REVIEW: Frozen

8 01 2014

Disney’s latest home-grown animation effort, “Frozen,” seems like it’s going to follow in the path of their traditional princess narrative.  In fact, the film boasts two marriageable princesses that sing show tunes flawlessly.  Yet as the movie progressed, I couldn’t escape just how dark the whole thing was.

Sure, other Disney princess stories have their share of bleak moments, but they’re usually right before everything gets better.  From the get go in “Frozen,” Elsa (voice of Idina Menzel), one of the princesses, is banished to her room until she can control her magical power to create ice.  Because, you know, it would have just been too easy for some Disney-Pixar intermingling to allow Frozone from “The Incredibles” to come train her).

Her younger sister, Anna (voice of Kristen Bell), is left lonely as a result.  Had Anna’s musical number of desolation and emptiness pleading for her sister to come out and play, “Do You Want to Build a Snowman,” been a little less cloying, it might have had me in tears.  But the song, like nearly every other tune in “Frozen,” feels a bit over the top.  They aren’t really in line with the catchy Disney tunes of their ’80s and ’90s animation renaissance; they are stock Broadway numbers that recall the cliched sounds of “Wicked.”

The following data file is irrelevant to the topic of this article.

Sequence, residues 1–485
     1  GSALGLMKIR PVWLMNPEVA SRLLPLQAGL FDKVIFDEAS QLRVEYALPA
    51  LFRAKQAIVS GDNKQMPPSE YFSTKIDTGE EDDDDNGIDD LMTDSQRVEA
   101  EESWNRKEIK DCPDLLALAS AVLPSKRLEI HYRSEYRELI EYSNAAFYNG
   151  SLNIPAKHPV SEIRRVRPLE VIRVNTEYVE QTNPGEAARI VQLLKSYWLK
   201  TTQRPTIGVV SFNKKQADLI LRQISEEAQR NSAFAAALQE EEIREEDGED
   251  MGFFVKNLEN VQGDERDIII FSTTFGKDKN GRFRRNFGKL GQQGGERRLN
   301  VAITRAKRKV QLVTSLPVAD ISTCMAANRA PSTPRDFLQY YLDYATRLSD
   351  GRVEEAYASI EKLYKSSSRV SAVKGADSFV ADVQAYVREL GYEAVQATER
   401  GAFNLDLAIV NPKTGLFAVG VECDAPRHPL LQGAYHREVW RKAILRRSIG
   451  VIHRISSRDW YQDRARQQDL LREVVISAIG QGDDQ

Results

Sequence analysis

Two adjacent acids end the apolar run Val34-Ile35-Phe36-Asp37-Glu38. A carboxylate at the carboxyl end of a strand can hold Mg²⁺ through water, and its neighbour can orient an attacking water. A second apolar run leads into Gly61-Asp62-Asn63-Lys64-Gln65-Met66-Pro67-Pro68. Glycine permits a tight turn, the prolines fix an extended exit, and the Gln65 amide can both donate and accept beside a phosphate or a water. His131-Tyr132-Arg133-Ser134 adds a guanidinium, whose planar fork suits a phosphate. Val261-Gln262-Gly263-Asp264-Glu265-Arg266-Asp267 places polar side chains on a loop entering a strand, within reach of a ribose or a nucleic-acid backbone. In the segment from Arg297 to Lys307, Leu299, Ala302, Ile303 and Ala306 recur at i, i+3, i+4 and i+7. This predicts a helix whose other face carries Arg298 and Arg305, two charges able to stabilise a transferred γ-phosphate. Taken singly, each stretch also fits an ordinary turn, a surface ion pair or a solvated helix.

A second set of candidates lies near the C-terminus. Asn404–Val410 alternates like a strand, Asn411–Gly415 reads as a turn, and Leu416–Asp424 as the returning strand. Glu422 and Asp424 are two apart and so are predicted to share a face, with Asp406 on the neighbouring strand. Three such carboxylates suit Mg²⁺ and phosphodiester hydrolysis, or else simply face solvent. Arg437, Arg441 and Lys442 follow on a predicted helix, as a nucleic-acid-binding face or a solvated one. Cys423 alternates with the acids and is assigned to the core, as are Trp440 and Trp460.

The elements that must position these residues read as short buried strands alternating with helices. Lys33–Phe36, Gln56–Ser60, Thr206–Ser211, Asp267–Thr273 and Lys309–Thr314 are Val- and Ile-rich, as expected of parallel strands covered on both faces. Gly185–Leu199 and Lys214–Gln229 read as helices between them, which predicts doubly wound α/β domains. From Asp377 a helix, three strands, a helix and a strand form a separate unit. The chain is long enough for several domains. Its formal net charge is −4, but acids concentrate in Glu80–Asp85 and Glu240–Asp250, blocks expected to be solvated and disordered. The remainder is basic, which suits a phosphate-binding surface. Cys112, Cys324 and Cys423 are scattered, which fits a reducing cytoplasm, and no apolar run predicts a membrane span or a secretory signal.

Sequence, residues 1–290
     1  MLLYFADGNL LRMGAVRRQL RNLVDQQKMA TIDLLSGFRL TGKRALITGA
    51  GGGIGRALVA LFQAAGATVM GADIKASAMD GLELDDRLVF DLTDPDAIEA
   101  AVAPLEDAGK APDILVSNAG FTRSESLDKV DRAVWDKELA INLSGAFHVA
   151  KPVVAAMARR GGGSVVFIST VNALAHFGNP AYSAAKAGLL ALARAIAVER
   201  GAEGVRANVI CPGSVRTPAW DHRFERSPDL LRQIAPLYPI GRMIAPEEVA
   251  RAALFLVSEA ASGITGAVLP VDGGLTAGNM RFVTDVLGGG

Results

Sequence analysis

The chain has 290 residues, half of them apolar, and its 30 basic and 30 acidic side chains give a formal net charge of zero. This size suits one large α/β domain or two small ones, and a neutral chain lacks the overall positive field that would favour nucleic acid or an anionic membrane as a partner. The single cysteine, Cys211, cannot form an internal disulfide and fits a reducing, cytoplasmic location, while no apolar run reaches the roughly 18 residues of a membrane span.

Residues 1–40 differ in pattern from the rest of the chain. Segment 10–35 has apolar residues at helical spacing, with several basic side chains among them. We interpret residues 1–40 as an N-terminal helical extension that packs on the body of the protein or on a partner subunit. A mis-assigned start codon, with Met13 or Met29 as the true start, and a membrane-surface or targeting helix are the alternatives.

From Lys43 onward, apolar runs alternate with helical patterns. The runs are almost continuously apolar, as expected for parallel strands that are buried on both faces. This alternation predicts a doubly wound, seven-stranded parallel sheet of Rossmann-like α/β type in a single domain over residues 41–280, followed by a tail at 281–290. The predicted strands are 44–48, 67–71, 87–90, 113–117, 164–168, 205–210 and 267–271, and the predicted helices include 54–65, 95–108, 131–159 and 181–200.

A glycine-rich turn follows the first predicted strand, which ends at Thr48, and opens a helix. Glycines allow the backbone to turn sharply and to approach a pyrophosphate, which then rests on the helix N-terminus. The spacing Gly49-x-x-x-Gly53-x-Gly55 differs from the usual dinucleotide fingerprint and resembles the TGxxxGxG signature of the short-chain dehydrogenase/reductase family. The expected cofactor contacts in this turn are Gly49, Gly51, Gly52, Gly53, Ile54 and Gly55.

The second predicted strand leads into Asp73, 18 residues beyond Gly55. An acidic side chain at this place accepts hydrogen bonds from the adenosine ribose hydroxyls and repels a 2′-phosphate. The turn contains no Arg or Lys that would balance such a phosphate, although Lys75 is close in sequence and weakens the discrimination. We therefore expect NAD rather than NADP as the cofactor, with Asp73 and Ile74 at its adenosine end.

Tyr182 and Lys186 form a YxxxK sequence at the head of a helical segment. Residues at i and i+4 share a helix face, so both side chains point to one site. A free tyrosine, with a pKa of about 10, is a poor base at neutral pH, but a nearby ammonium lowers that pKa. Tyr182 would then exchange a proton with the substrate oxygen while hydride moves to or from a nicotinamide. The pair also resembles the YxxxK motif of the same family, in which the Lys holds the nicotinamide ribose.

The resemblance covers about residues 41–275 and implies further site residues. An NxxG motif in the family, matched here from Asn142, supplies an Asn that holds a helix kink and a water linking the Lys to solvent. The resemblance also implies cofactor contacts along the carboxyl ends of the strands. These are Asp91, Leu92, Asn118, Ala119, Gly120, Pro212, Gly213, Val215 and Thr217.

Olaf

But the film’s music was not written by a quintessential maestro of the Great White Way like Stephen Schwartz. The numbers were penned by Robert Lopez, the talent behind irreverent musical successes “Avenue Q” and “The Book of Mormon,” along with his wife Kristi.  Lopez understands the ridiculousness of the Disney princess stop and sing whatever’s on my mind number because he brilliantly parodied it in “Sal Tlay Ka Siti” from “The Book of Mormon.”  The main tune from “Frozen,” Idina Menzel’s power number “Let It Go,” feels so typical that I almost started to wonder if it was Lopez’s way of being subversive with the material.

The film takes a “Leap Year“-esque trajectory in its second act as a recently betrothed Anna goes on a journey to save the self-exiled Elsa … and falls in love with a different man that takes her on an unpredictable journey.  Thankfully, this is the time where “Frozen” introduces Josh Gad’s uproarious Olaf, a snowman who wants nothing more than to experience summer.  Gad absolutely runs away with the movie and gets the film’s best song, “In Summer,” which Lopez wrote perfectly for the silliness of his “The Book of Mormon” star.

From there, “Frozen” plods along towards its ending with a whole lot more fun thanks to Olaf.  The film does offer a refreshing final lesson that does not concern romantic love, a welcome change of pace.  Still, “Frozen” lacks the fairy-tale magic of “Tangled” as well as the irresistible charm of “Wreck-It Ralph.”  Maybe the inevitable stage show will iron out the kinks.  B-2stars

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